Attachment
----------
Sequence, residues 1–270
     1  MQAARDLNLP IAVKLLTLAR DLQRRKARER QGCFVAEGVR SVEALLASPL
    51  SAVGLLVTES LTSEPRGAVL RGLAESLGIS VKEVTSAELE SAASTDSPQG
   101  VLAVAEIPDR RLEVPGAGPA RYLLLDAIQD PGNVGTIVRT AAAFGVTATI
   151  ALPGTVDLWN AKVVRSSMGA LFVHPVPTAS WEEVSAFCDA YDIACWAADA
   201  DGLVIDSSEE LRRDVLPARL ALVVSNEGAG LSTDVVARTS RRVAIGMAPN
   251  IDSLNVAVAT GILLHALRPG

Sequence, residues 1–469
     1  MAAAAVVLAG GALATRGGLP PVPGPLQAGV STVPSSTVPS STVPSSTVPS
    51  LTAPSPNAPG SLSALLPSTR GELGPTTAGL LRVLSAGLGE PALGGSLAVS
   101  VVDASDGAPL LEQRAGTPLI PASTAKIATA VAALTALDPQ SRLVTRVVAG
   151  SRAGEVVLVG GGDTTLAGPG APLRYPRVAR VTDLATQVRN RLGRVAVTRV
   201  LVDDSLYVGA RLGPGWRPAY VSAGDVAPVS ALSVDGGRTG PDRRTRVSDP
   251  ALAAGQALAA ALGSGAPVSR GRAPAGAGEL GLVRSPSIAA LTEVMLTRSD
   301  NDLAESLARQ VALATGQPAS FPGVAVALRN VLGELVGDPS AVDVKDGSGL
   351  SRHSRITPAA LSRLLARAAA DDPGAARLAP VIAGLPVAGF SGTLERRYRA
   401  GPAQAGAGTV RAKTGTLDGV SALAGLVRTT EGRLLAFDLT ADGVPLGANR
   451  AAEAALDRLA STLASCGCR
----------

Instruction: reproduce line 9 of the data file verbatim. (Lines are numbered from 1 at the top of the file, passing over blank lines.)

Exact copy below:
     1  MAAAAVVLAG GALATRGGLP PVPGPLQAGV STVPSSTVPS STVPSSTVPS